Elegant Flower sees Zimbabwe to final

Wisden Staff

April 7, 2003

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In the best match of the tournament so far, Zimbabwe won a battle of nerves to beat Sri Lanka by four wickets and claim a place in the final of the Sharjah Cup. It was Zimbabwe's first win over Sri Lanka for three years.

Grant Flower, with his 37th one-day half-century, calmly helped finish the good work that Zimbabwe accomplished in the field - after being asked to bowl first, they restricted Sri Lanka to 193. With Heath Streak for company, Flower nursed Zimbabwe to their target after Sri Lanka grabbed three wickets for nine runs to reduce them from a comfortable 158 for 3 to a shaky 167 for 6.

Sri Lanka's slow bowlers kept their team in the battle, grabbing important wickets as fortunes swung to and fro. Under pressure in only his second ODI, the 20-year-old legspinner Kaushal Lokuarachchi grabbed 3 for 37 and was easily Sri Lanka's biggest gain in a match that will be Sanath Jayasuriya's last as captain.

Lokuarachchi has a quick run-up and arm action, and the ball that get rid of Sean Ervine for a duck was one of the highlights of the match. Well flighted, it slanted across the left-hander, drew him forward, landed in the bowlers' footmarks, beat the batsman as he prodded tentatively, and turned late and sharply to hit the stumps.

Zimbabwe had the edge at the halfway stage of their innings, despite playing around with their batting order. Tatenda Taibu joined Flower at the fall of the third wicket, after Gavin Rennie (26) nicked Lokuarachchi to Prasanna Jayawardene behind the stumps. But Taibu, showing no nervousness, struck a breezy 31 and helped put on a crucial 55 runs for the fourth wicket with Flower.

Their partnership helped Zimbabwe consolidate after Craig Wishart and Doug Marillier's early fireworks. They rattled up 26 runs in the first three overs, with ten coming in the first over from a wayward Charitha Buddhika. They put on 36 before Wishart (14) shouldered arms to an incutter from Prabath Nissanka and watched in dismay as it crashed into his stumps.

Jayasuriya introduced Kumar Dharmasena before Muttiah Muralitharan, and he slowed the Zimbabwean charge, bowling faster and flatter through the air, and conceded just seven runs in his first five overs. When Muralitharan did come on, he struck in his first over to dispose of Marillier (32) with a bat-pad catch that Marillier suggested had only involved the pad. But that was Murali's only wicket, and it made a telling difference in the final outcome.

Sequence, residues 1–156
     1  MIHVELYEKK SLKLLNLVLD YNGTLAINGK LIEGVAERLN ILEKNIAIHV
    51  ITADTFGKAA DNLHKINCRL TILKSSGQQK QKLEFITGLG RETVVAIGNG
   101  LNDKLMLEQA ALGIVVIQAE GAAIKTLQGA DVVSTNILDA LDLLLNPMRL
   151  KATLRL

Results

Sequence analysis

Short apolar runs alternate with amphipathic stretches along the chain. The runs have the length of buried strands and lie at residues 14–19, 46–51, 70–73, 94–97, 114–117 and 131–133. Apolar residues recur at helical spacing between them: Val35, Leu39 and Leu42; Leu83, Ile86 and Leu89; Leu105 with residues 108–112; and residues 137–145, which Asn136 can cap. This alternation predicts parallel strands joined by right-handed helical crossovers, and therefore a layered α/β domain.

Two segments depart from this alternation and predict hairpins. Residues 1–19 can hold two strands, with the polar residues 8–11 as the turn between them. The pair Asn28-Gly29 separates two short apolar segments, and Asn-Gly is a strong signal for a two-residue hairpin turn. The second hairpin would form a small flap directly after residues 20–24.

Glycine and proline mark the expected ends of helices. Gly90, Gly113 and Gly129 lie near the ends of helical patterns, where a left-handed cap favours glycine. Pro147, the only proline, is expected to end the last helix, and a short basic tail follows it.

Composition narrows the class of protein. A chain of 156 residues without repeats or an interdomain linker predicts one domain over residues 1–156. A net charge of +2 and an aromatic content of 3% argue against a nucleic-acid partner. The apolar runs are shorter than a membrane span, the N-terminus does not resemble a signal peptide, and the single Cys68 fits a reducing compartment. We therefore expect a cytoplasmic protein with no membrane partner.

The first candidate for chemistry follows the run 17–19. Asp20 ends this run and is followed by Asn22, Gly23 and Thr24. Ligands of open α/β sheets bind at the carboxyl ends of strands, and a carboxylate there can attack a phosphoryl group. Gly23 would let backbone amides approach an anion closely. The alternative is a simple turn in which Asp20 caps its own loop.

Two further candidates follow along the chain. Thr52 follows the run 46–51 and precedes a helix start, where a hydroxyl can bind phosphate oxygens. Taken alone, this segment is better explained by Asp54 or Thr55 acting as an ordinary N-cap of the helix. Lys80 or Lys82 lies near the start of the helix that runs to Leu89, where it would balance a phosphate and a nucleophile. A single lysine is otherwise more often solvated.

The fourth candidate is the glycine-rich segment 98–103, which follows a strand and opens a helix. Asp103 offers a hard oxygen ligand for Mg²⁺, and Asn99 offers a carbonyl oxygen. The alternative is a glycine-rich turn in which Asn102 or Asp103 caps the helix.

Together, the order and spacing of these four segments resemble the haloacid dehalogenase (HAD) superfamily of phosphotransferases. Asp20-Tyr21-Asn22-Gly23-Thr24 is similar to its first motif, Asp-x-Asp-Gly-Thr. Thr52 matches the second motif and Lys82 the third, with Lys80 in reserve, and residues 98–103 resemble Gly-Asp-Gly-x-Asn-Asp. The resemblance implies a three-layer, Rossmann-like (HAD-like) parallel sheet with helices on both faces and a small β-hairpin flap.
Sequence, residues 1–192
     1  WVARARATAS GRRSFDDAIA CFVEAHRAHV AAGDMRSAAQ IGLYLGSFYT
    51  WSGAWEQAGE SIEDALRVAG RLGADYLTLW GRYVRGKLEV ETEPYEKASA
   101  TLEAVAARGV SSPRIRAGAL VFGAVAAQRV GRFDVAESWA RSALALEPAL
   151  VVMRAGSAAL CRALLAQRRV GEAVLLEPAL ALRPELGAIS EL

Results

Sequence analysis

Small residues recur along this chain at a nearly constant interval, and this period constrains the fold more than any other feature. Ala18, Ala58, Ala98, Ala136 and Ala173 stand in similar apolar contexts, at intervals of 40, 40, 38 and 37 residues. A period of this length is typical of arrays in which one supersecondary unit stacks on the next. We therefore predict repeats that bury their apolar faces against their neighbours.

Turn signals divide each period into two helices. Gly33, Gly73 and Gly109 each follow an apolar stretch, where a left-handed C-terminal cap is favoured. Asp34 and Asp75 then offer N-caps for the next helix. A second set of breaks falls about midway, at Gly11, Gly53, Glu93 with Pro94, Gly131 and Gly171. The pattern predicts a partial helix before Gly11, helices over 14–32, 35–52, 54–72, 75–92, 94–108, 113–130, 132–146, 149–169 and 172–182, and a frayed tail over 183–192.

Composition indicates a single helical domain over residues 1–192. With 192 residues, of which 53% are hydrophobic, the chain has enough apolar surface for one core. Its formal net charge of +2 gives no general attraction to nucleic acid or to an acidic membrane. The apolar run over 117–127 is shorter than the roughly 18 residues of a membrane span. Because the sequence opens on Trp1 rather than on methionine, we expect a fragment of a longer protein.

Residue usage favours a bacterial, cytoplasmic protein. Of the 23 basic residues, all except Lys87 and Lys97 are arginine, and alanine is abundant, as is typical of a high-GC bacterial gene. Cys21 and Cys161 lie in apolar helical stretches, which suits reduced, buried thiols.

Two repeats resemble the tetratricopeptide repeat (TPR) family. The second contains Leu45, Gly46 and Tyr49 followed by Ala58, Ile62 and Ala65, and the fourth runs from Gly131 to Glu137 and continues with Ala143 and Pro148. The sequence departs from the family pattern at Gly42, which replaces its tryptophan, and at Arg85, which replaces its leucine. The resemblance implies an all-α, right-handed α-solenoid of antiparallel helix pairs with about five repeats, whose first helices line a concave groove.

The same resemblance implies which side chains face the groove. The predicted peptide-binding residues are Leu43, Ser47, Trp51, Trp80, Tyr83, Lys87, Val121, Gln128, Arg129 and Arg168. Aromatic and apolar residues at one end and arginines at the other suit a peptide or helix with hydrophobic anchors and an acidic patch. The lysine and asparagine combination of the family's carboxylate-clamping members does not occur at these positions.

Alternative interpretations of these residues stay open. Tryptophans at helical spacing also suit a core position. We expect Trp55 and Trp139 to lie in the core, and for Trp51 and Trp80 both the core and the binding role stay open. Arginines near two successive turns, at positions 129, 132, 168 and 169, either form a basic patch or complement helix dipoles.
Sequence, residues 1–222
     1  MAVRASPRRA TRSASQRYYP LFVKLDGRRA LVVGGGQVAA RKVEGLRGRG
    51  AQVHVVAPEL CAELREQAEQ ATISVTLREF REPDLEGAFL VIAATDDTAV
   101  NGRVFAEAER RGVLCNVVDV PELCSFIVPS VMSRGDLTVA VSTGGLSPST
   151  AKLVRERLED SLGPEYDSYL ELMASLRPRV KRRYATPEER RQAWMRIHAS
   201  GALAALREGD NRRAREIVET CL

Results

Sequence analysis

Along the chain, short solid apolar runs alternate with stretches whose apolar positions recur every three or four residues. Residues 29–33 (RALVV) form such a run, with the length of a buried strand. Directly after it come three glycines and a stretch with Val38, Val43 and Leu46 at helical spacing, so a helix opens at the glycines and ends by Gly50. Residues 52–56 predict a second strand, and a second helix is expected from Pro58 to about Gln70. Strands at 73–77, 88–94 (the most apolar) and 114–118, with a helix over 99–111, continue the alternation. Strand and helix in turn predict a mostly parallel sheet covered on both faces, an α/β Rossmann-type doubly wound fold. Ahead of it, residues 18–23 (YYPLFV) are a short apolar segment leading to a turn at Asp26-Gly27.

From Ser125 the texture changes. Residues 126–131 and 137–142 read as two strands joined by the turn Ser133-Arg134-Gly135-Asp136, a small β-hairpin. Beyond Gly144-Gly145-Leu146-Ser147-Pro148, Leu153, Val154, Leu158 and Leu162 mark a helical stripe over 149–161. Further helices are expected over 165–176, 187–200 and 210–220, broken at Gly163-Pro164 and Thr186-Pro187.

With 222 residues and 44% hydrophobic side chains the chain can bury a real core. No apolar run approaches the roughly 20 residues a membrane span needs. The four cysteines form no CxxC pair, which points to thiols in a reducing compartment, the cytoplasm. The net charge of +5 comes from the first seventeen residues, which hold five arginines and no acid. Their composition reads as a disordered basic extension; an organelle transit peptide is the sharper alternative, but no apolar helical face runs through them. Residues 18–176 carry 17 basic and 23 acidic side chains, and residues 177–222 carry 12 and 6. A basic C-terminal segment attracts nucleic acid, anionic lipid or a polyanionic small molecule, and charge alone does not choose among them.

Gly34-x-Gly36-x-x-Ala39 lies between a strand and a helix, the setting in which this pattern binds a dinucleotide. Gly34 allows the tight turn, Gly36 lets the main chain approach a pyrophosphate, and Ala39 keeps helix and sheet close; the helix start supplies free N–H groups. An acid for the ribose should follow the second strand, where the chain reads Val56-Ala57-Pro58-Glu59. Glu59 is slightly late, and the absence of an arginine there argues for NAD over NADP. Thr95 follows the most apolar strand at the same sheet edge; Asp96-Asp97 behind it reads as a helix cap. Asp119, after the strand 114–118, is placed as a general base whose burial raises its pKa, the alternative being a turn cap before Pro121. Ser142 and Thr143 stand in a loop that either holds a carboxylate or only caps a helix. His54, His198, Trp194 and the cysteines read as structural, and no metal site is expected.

Earlier Streak and Andy Blignaut, with three wickets apiece, led a spirited Zimbabwean effort in the field. Sri Lanka were strangled by a steady medium-pace attack, good catching and attacking captaincy. Five Sri Lankan batsmen passed 20, but the top-score was Hashan Tillekeratne's 31.

Sri Lanka's problems began with the second ball of the match. Streak angled one across Jayasuriya, induced an inside-edge and saw the bails fly. Jayasuriya walked off with a duck, a sad return for his 300th one-day international. He is the sixth person to play as many.

Marvan Atapattu briefly counter-attacked, easing the pressure with six well-struck boundaries. Then Dion Ebrahim prompted a change of script, catching Avishka Gunawardene (24) off Blignaut with a full-length dive at cover, plucking the ball while still airborne.

Kumar Sangakkara, with hundreds in his last two innings, marched in with the score at 51 for 2. He was promptly handed another rescue mission when Atapattu (29) chased Ervine's first ball and nicked it to Taibu (58 for 3).

But Sangakkara (25) flopped when it really mattered. Just when Sri Lanka looked set on the road to recovery, he pulled a short ball from Raymond Price to a running Grant Flower on the midwicket boundary (106 for 4).

Streak returned and soon removed Dharmasena (19), who popped an easy catch to Rennie. Four quick wickets followed, for just ten runs. Nissanka helped add 25 for the last wicket, but it was all too little and too late. Zimbabwe would sweep past the modest target, into the final.

© ESPN Sports Media Ltd.

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